Why Are So Many Gujarati Dishes 'Sweet'?
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Saurashtra and Kutch, North Gujarat, Central Gujarat and South Gujarat, together make one big state of Gujarat that we know of today. The culture and food habits of these regions are distinct in their own right too. The climate and local vegetation have shaped the beautiful cuisine of Gujarat, which keeps changing as you travel farther and farther in the state. In fact, one of the things Gujarat is best known for is the Gujarati Thali, which is known to be one of the most colorful and loaded thalis in India. From starters, to mains to desserts, you find everything here, together in one plate, and in multiple varieties no less. Yet, age-old stereotypes associated with the cuisine refused to die. One of the most jarring one being, 'most of Gujarati food is sweet'

Let us go back to understanding the geography of Gujarat. It is largely a hot temperate zone, a part of Gujarat touches the Arabian sea, but fish, other seafood items and even meat rarely find a place in the typical Gujarati feast, unless of course, you are taking into account the cuisines of the Parsis and Bohri Muslims. More than 2/3rd of Gujarat is vegetarian. The widespread ‘vegetarianism’ may have something to do with the prevalence of Jainism.  

Since meat is off the radar and vegetation that is already limited, Gujurat relies on a lot of pulses and legumes for their daily dose of protein. Protein is essential for strength and in such hot regions, you may often find yourself out of strength and depleted.  Now coming to their Dals and Khichdis, that are famously ‘sweet’. While the pulses in these preparations help boost your strength, a chunk of ‘gur’ added in these dishes supposedly help boost energy.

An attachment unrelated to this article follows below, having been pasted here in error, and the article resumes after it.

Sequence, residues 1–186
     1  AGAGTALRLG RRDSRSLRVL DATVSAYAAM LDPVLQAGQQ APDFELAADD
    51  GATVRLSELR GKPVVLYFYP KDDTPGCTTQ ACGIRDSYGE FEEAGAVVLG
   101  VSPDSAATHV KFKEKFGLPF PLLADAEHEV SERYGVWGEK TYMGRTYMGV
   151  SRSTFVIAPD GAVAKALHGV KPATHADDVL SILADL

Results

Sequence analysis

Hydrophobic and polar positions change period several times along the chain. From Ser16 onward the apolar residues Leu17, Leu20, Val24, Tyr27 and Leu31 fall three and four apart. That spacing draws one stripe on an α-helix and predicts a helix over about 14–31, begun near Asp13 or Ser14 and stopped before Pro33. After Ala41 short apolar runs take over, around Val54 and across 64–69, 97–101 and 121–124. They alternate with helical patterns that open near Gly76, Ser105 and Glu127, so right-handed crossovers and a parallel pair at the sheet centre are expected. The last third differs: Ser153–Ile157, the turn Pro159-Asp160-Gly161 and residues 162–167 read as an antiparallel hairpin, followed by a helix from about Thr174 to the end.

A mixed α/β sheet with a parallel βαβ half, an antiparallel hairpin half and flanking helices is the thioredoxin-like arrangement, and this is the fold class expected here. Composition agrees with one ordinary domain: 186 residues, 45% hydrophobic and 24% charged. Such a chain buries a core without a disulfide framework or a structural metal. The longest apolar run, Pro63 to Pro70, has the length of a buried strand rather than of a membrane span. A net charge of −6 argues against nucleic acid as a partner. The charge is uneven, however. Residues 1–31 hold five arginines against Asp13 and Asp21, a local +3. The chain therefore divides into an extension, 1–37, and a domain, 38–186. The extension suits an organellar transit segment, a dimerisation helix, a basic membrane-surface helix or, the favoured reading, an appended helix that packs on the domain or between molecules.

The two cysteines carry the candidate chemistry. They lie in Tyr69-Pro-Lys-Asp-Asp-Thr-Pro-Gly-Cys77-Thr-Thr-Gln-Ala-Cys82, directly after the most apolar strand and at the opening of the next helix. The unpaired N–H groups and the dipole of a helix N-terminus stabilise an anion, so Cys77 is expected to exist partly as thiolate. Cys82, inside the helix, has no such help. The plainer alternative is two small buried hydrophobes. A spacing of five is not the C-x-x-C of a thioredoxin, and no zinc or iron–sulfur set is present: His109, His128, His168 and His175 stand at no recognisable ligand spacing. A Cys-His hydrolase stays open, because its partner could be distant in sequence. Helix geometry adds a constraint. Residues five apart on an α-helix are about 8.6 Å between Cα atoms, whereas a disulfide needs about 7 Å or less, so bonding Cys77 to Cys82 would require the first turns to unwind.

Long before we got acquainted to the ideas of ‘energy bars’, we had gur. A block of gur was enough to induce an instant burst of energy, no matter which time you chose to have it. In Gujarat, it was an age-old practice to welcome people with a glass of water and a block of ‘gur’ to reboot and rejuvenate them. Slowly, gur found its ways in dals and khichdis as well.  

That said, not all Gujarati food need to be made with addition of gur. Other delicacies of your Gujarati thali, like khaman, patra, sev tamater sabzi, can well give the most savoury Indian dishes a run for their money. As a matter of fact, the ‘Kathiawars’, a sect of North Gujarat, are known for their love for chillies, pickles and fiery hot dishes. Much like the Marwaris of Rajasthan, Kathiwads also eat a lot of bajra due to limited vegetation in the region, and to since bajra is so rich and chewy, hot and spicy foods help make the whole fare more balanced and palatable.  

So, the next time you are in Gujarat, we suggest when you sit down for a Gujarati Thali, you keep your preconceived notions behind. Gujarati thali is an assortment of many food items, all of which complement each other in terms of flavour and texture. Which is your most favourite Gujarati dish, do let us know?